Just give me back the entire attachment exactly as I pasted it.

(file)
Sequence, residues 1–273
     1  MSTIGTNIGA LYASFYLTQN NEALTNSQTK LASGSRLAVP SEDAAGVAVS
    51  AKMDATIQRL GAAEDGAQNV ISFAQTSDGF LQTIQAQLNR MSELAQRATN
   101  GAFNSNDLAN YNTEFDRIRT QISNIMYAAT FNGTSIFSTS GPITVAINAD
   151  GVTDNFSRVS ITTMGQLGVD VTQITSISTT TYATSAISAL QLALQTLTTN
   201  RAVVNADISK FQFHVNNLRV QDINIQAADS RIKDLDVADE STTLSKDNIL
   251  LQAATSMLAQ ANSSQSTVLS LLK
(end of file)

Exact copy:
Sequence, residues 1–273
     1  MSTIGTNIGA LYASFYLTQN NEALTNSQTK LASGSRLAVP SEDAAGVAVS
    51  AKMDATIQRL GAAEDGAQNV ISFAQTSDGF LQTIQAQLNR MSELAQRATN
   101  GAFNSNDLAN YNTEFDRIRT QISNIMYAAT FNGTSIFSTS GPITVAINAD
   151  GVTDNFSRVS ITTMGQLGVD VTQITSISTT TYATSAISAL QLALQTLTTN
   201  RAVVNADISK FQFHVNNLRV QDINIQAADS RIKDLDVADE STTLSKDNIL
   251  LQAATSMLAQ ANSSQSTVLS LLK